Let’s face it, end of year financial planning was never a fun task, but Covid has made it even more challenging!
Your goalposts probably shifted at least a few times in the last 12 months, you may have debt to pay off, wage subsidies to factor in, or perhaps you’re even wondering how you’ll pay your taxes at all this year.
If it all feels a little overwhelming, be reassured that you’re not alone: many business owners are grappling with the same issues as EOFY looms – but help is at hand.
We’ve collated the most important information you need to help you get your head around your end of year financial planning well ahead of time.
Let’s start with the basics.
An EOFY Refresher
Whether or not you have Covid related aspects to account for, you still need to address the typical EOFY tasks as you did pre-pandemic.
If you’re feeling a little rusty on what that looks like, here’s a run-down:
- Follow up any overdue accounts and write off bad debts before March 31st
- Consider bringing forward any necessary repairs or maintenance on assets before EOFY
- Purchase any low-value assets (under $1,00) before 31st March so you can claim them in the year’s expenses
- Write off any fixed assets that aren’t used anymore
- Generate a profit and loss statement and see how you have tracked against your budget
- Complete a stocktake as close to EOFY as possible, and write off any obsolete stock
- Organise records of asset purchases or expenditure on improvements
It’s important to know which of your expenses are tax-deductible so you can claim a refund at the end of the year. Things like business insurance, website costs, vehicle and travel experiences, home office expenses and some machinery or equipment may be tax-deductible.
If you use a bookkeeper, they should liaise directly with your accountant to cover most of these requirements. If not, you need to schedule a meeting with your accountant as soon as possible to make sure you’re clear on what they need from you.
Covid Considerations For End Of Year Financial Planning
Some businesses may have navigated the hurdles of the 2021/2022 EOFY without too much interference from Covid, but many did not.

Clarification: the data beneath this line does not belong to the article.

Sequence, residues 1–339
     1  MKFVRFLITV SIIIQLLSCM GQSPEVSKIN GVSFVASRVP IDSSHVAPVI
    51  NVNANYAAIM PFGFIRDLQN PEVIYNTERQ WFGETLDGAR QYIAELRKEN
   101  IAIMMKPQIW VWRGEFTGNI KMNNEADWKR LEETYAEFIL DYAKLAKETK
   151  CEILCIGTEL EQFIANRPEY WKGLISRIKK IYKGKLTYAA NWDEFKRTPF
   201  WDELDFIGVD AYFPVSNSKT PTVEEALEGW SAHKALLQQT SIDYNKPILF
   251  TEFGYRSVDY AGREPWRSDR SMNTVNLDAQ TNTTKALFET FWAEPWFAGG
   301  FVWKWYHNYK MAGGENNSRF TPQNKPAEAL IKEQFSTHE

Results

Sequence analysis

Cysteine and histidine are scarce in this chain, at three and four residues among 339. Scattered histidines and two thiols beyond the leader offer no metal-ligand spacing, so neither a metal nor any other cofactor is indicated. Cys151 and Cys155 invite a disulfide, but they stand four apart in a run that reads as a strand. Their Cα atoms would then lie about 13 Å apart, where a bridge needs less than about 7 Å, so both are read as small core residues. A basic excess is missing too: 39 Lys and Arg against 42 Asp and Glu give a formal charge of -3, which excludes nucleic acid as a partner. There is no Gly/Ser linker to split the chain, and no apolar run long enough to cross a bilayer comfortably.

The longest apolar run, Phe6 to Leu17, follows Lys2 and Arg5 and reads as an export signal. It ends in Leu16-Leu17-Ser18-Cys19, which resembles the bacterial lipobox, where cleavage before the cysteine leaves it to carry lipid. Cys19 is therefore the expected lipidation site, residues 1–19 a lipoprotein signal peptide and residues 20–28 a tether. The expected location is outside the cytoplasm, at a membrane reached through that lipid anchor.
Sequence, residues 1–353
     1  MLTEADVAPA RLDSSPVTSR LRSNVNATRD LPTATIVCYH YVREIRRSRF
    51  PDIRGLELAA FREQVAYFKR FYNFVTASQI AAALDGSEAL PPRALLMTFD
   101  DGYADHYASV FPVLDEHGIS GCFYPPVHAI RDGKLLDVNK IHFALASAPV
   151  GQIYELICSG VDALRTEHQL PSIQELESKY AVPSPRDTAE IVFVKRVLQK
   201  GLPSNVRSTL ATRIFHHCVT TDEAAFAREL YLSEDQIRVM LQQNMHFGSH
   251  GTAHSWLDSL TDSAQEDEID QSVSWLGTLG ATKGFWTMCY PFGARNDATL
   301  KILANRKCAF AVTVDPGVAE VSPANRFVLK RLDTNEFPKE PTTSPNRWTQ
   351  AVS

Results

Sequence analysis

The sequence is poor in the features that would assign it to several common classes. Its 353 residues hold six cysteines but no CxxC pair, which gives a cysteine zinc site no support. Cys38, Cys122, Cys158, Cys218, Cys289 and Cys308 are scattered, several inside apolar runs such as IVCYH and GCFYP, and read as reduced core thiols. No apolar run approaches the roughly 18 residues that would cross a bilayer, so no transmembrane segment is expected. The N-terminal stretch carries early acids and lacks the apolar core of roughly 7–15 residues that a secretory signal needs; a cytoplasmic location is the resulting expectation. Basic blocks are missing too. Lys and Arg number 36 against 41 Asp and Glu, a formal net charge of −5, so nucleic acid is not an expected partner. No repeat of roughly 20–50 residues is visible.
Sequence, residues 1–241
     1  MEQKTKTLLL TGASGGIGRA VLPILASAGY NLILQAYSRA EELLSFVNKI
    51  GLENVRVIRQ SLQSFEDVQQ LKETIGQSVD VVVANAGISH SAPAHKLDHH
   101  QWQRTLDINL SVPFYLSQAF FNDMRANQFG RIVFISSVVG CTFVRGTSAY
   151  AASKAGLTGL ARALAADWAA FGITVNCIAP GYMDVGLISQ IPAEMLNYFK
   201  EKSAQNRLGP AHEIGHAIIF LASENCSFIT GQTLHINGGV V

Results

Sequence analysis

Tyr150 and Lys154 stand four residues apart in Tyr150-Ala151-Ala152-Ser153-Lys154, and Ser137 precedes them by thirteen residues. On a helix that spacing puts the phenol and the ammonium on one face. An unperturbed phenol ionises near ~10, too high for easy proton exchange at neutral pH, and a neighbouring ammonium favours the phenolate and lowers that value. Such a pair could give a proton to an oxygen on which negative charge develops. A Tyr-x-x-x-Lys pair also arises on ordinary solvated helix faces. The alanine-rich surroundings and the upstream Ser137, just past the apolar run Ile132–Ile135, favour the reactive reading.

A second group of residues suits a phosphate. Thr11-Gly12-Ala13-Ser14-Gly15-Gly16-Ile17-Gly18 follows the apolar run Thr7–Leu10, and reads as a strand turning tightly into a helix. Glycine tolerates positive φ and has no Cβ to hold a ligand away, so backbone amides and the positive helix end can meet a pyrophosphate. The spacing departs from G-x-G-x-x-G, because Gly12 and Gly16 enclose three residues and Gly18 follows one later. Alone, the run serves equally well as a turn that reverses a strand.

If your business utilised government support in the form of wage subsidies, resurgence support payments, or loans, you’ll need to account for these in your end of year financial planning.
Things can get quite tricky if you’re not familiar with the legislation. For example, wage subsidies paid to employers are tax neutral, while subsidies paid to sole traders or partners are classed as taxable income.
Loan repayments aren’t tax-deductible, but you can deduct interest and administration charges.
Not sure if you can even afford to pay your income tax this year? Don’t panic; businesses experiencing financial difficulty may be able to pay tax off in instalments or apply for a partial or total write-off.
If all this seems a little confusing, reach out to our team for guidance.
Focusing On The Future
As you wind up the end of the financial year, devote some time to preparing for the next 12 months. The last two years have been challenging, but those difficulties have provided lessons and insights that can be used to improve the way you do business in the future.
Take the opportunity to do a business health check, set some clear objectives for the year ahead, and consider how you can improve your processes and financial management going forward.
Do you need to invest in new technology or skills to streamline your business? Would you like to be better organised or have a more accurate idea of your financial position?
If your end of year financial planning feels overwhelming, consider how you could do things differently moving forward. Do you need to outsource your bookkeeping to ensure it’s up to date and organised? Would you benefit from admin support to help you focus on core business tasks?